https://ashp.neep.org/#!/product/51107
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Kieran973
Posts: 169
Joined: Tue Jun 19, 2018 6:51 pm
Delivery Date: 30 Apr 2019
Location: near NY, NY

Re: Share Your Home Electrification/Efficiency Improvements

Also, you may already be aware of Green Building Advisor, but the folks on those forums are very knowledgeable and generous with their time:

https://www.greenbuildingadvisor.com/
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LeftieBiker
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Joined: Wed May 22, 2013 3:17 am
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Location: Upstate New York, US

Re: Share Your Home Electrification/Efficiency Improvements

Update: after being essentially dead for a few weeks, the unit came back to life, over the span of a day or so, and is now working ok again. Neither I nor the tech I was consulting with knows why.

If this unit dies before June, I will get a new one. If it happens after that, I probably will get a better one. I do know that I can no longer install anything like that myself. I'd probably go with one high performance outdoor unit like the Hyper Heat, and two or three room units.
But after considering their winter COP data, and considering that even with the DIY Mr. Cool unit, I'd still have to hire an electrician to wire it and still have to hire an HVAC company to purge the line sets, the Fujitsu units actually cost less in the long run.
The DIY unit does not need to be purged. It is already purged and pressurized. I was able to do the wiring myself.
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goldbrick
Posts: 1704
Joined: Tue Aug 01, 2017 3:33 pm
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Leaf Number: 311806
Location: Boulder, CO

Re: Share Your Home Electrification/Efficiency Improvements

Kieran973 wrote: Sun Feb 06, 2022 8:22 pm I did a Manual J on our house and based on a whole house heat load at 47F of around 11,000 btu/h, the average COP of this unit is around 5.5. We're on track to use only 3,000 - 3,500 kwh to heat the house during that nine month season. Our 99% outside design temp is 11F.
Did you use some sort of software package for the Manual J calculations or did you just do it by hand? I'm just getting started on planning my new HVAC and I'm wondering if this is something I can handle myself or if I should contract it out to a pro.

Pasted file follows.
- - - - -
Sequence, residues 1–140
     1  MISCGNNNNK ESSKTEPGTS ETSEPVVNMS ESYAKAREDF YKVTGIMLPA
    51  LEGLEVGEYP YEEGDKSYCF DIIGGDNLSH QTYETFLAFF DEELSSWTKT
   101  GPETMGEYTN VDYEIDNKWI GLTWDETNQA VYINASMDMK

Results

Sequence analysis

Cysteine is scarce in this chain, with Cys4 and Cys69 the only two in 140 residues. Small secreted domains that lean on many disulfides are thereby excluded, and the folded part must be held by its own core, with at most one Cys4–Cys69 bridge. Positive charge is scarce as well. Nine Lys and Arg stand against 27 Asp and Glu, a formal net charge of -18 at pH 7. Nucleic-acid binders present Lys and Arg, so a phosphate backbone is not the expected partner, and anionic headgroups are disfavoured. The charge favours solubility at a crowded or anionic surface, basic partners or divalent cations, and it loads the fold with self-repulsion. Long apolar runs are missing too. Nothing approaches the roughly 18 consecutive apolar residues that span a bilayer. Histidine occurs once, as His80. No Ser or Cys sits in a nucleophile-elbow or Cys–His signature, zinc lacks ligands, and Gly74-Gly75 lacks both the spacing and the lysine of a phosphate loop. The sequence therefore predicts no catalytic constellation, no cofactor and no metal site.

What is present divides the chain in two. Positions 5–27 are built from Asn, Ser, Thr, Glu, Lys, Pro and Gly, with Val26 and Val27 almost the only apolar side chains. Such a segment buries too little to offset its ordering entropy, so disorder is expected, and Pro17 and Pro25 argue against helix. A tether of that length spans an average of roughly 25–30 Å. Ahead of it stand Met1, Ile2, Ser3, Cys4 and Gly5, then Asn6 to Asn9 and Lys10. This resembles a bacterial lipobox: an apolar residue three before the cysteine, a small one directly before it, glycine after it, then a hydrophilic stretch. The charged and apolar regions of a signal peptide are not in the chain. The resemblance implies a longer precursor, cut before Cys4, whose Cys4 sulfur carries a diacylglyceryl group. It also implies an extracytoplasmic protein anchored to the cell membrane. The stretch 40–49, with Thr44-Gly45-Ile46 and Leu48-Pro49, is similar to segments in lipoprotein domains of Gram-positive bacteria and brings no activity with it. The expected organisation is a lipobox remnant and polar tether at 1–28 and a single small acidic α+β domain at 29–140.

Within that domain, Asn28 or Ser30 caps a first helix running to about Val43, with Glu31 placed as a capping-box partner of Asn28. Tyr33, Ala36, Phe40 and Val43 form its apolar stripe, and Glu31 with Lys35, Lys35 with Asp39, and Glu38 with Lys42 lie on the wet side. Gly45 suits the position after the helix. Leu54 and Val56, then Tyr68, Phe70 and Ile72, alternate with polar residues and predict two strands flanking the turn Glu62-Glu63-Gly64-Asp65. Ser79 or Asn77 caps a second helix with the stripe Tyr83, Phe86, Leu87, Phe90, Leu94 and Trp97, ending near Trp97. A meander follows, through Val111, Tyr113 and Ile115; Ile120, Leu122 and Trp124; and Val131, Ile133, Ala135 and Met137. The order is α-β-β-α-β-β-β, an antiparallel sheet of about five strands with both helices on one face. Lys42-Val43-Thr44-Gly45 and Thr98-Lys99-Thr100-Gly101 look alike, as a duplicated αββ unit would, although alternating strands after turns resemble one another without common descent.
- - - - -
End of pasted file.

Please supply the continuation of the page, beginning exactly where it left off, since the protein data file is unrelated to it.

Kieran973
Posts: 169
Joined: Tue Jun 19, 2018 6:51 pm
Delivery Date: 30 Apr 2019
Location: near NY, NY

Re: Share Your Home Electrification/Efficiency Improvements

LeftieBiker wrote: Sun Feb 06, 2022 9:44 pm Update: after being essentially dead for a few weeks, the unit came back to life, over the span of a day or so, and is now working ok again. Neither I nor the tech I was consulting with knows why.

If this unit dies before June, I will get a new one. If it happens after that, I probably will get a better one. I do know that I can no longer install anything like that myself. I'd probably go with one high performance outdoor unit like the Hyper Heat, and two or three room units.
But after considering their winter COP data, and considering that even with the DIY Mr. Cool unit, I'd still have to hire an electrician to wire it and still have to hire an HVAC company to purge the line sets, the Fujitsu units actually cost less in the long run.
The DIY unit does not need to be purged. It is already purged and pressurized. I was able to do the wiring myself.
Glad to hear it's working again. You're right about the DIY units - I was thinking of their other ones.
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Kieran973
Posts: 169
Joined: Tue Jun 19, 2018 6:51 pm
Delivery Date: 30 Apr 2019
Location: near NY, NY

Re: Share Your Home Electrification/Efficiency Improvements

goldbrick wrote: Mon Feb 07, 2022 12:16 pm
Kieran973 wrote: Sun Feb 06, 2022 8:22 pm I did a Manual J on our house and based on a whole house heat load at 47F of around 11,000 btu/h, the average COP of this unit is around 5.5. We're on track to use only 3,000 - 3,500 kwh to heat the house during that nine month season. Our 99% outside design temp is 11F.
Did you use some sort of software package for the Manual J calculations or did you just do it by hand? I'm just getting started on planning my new HVAC and I'm wondering if this is something I can handle myself or if I should contract it out to a pro.
I used Cool Calc for the Manual J:

https://www.coolcalc.com/

I found it easy to use, and I'm not at all a STEM person. Doing your own Manual J is time consuming however - gathering measurements of every room in your place, making sure the data you enter about insulation, air infiltration, and window U-values are correct, etc. That being said, I couldn't actually find a local pro to do a Manual J, so I had no alternative - every hvac company I asked said they don't do that. And it certainly showed in their proposals: most of the local companies proposed systems that were obscenely oversized based on the actual heating load. Our heating load for a 99% outdoor design temp of 11F is around 30,000 btu/h, but most of the "elite" and "diamond" Fujitsu and Mitsubishi contractors were trying to sell me on 48,000 - 70,000 btu/h systems.